Often when troubled domestically, leaders take off for overseas where the reception is often gentler and more accommodating. But that's when you are the big dog. When the world starts to view you as an afterthought, there is no respite. After a thorough drubbing in the midterm elections, President Obama turned his attention to the G20 meeting in South Korea where the United States has always held sway.
Washington's latest plan was to correct the imbalances in the world economy by focusing on current account surpluses and deficits. Treasury Secretary Geithner tried to convince the world to set numerical targets for such issues. A few weeks ago there was polite listening, but that was before the election and before Ben Bernanke detailed his quantitative easing program and the $600 billion he said he would pour into the US economy. The world feels that it is simply a blatant attempt to weaken the dollar and capture export markets, and they want no part of it. China found itself defended by others despite its currency manipulation.
To rub salt in the wound, a long pending trade pact with host country South Korea did not get signed. South Korea had signaled it was eager to use its temporary Presidency of the G20 to style itself as a leader on the world economic stage. To fail to agree on a trade pact is uniquely disappointing and can be viewed through the lens that is marked by a Republican Congress that South Korea might prefer to deal with.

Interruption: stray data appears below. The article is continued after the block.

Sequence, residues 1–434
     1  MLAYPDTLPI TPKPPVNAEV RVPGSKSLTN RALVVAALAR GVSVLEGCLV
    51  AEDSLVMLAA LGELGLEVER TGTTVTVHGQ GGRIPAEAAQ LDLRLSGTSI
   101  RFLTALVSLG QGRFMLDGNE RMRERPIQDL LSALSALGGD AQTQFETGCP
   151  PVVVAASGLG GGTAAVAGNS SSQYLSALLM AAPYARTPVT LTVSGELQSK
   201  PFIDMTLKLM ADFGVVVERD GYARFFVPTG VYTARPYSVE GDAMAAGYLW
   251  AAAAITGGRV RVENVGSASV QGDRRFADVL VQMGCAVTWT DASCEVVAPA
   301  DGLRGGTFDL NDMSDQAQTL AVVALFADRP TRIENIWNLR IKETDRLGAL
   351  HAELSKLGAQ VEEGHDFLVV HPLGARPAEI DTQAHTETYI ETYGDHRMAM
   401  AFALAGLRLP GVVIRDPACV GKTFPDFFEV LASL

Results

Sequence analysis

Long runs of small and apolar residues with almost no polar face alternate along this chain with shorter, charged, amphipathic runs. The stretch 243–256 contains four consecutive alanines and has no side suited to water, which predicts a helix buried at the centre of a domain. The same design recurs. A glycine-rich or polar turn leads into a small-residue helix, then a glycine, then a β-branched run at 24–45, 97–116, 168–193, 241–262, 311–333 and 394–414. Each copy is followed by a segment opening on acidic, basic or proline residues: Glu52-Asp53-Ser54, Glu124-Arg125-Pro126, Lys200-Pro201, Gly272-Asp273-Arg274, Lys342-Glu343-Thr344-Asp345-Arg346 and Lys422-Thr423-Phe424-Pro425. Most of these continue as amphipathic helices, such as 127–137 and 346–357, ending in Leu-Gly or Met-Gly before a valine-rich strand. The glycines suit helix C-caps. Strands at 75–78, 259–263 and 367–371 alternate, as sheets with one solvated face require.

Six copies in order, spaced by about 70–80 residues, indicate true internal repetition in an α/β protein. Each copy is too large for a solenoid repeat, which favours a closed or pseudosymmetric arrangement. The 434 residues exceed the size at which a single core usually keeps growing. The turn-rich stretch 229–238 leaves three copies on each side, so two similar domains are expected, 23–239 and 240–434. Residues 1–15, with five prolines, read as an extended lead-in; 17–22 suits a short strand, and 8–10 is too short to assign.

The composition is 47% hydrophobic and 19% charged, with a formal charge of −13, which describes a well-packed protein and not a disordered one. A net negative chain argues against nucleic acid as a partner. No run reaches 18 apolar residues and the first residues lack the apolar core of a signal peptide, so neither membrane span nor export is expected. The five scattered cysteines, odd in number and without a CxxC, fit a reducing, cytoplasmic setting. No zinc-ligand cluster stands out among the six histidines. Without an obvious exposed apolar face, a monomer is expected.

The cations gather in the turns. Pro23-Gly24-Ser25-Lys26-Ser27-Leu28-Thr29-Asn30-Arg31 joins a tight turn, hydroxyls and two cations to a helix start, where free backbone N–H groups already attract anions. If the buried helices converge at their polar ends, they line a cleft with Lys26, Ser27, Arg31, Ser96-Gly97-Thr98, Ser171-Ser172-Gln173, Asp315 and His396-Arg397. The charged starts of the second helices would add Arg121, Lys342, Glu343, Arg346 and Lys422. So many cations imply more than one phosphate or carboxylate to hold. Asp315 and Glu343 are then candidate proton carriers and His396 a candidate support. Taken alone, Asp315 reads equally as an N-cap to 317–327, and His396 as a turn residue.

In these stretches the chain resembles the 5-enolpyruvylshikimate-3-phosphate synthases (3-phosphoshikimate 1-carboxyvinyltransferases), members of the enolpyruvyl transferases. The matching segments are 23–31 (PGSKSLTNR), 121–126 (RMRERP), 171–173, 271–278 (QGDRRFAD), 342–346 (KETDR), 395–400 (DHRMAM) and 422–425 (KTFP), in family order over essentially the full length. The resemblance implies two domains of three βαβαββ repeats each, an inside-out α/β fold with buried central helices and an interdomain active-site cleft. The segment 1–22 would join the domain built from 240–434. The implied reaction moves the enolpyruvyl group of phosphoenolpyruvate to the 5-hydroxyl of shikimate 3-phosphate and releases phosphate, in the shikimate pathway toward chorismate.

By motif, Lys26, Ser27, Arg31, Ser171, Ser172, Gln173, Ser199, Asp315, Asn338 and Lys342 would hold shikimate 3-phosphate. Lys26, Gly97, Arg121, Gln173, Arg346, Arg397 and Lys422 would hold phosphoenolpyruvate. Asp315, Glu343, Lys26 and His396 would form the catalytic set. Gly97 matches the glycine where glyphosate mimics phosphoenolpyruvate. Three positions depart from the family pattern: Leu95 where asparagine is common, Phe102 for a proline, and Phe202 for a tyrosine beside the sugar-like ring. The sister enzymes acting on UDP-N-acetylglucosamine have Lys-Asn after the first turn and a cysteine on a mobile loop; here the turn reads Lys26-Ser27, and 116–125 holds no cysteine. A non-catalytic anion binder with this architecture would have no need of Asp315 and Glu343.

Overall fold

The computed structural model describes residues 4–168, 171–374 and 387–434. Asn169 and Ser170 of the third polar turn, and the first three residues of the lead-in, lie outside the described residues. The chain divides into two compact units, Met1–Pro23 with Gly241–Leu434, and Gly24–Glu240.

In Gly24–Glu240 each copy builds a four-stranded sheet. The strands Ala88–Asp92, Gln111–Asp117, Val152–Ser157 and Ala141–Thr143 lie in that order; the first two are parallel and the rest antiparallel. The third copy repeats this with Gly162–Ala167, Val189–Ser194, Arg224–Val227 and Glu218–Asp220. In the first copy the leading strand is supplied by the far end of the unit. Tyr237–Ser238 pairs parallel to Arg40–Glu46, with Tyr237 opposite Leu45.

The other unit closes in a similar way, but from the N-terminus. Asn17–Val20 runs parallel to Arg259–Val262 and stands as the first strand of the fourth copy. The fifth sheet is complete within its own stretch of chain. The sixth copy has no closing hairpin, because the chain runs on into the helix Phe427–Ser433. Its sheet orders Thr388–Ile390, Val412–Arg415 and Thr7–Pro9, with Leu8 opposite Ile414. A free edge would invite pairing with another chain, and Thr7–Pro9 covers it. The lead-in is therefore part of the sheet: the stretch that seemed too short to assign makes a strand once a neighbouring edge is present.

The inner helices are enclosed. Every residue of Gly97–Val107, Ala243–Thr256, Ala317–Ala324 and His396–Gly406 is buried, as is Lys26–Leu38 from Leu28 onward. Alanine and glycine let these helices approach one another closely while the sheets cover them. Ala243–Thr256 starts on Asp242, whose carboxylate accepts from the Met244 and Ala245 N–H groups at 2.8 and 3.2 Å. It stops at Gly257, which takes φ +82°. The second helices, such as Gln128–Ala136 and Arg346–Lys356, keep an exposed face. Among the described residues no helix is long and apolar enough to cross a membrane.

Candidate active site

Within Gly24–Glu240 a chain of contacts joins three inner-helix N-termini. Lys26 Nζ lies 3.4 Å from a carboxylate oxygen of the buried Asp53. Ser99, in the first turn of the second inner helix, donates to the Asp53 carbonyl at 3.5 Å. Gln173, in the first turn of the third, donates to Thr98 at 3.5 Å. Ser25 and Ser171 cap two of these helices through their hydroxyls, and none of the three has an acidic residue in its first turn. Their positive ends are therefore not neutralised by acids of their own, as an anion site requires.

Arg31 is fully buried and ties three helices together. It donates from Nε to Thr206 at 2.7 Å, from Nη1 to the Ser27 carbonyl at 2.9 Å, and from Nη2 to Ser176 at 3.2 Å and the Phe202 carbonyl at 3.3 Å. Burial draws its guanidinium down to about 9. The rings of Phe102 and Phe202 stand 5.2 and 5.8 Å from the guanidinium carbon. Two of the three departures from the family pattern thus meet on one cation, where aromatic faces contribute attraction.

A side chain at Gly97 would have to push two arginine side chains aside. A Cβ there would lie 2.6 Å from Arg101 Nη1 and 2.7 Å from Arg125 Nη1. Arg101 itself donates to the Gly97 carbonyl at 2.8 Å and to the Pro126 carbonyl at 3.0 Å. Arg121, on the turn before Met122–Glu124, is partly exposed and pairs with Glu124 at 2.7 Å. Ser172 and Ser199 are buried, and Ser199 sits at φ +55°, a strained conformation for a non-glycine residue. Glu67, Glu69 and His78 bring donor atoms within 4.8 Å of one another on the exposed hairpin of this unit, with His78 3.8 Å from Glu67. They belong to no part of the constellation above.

To fail at the trade pact and to have, at best, a thinly disguised semi-hostile communiqué mark the end of the G20 meeting almost makes it look like the rest of the world sees itself as the G19 and the US as "them". The world leaders did not resolve the currency wars that are brewing or make progress on fiscal policy, financial regulations, or free trade (or unfree trade either). Leadership is needed to accomplish such difficult goals, and leadership was conspicuously absent from the meeting.
And if you go searching in the Euro zone for some stand up guys, you are going to be disappointed. After a depressing week in the Euro bond market, the leaders caved. Angela Merkel of Germany had insisted existing bond holders feel the pain of any sort of bail-out of a country's debts. So if Ireland turned to the EU, as looks increasingly likely, current bondholders would get a haircut to be bailed out. That sent the bond market lower and by the end of the week, the Germans had been forced to back off.
The finance ministers of the five largest Euro states - Germany and France included - issued a week end statement that any plans to force investors to bear the burden of future sovereign bailouts would not affect current bondholders. So, no pain. How likely is it that anyone will believe they won't get bailed out again ? And again ? Sooner or later, the pain has to be felt.